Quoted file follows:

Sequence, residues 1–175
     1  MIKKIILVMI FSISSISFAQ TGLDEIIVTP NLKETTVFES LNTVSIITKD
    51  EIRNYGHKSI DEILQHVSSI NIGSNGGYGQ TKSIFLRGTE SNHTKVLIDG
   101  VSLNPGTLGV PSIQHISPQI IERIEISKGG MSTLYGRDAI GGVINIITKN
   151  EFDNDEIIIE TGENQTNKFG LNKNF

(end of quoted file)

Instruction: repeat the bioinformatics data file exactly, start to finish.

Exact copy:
Sequence, residues 1–175
     1  MIKKIILVMI FSISSISFAQ TGLDEIIVTP NLKETTVFES LNTVSIITKD
    51  EIRNYGHKSI DEILQHVSSI NIGSNGGYGQ TKSIFLRGTE SNHTKVLIDG
   101  VSLNPGTLGV PSIQHISPQI IERIEISKGG MSTLYGRDAI GGVINIITKN
   151  EFDNDEIIIE TGENQTNKFG LNKNF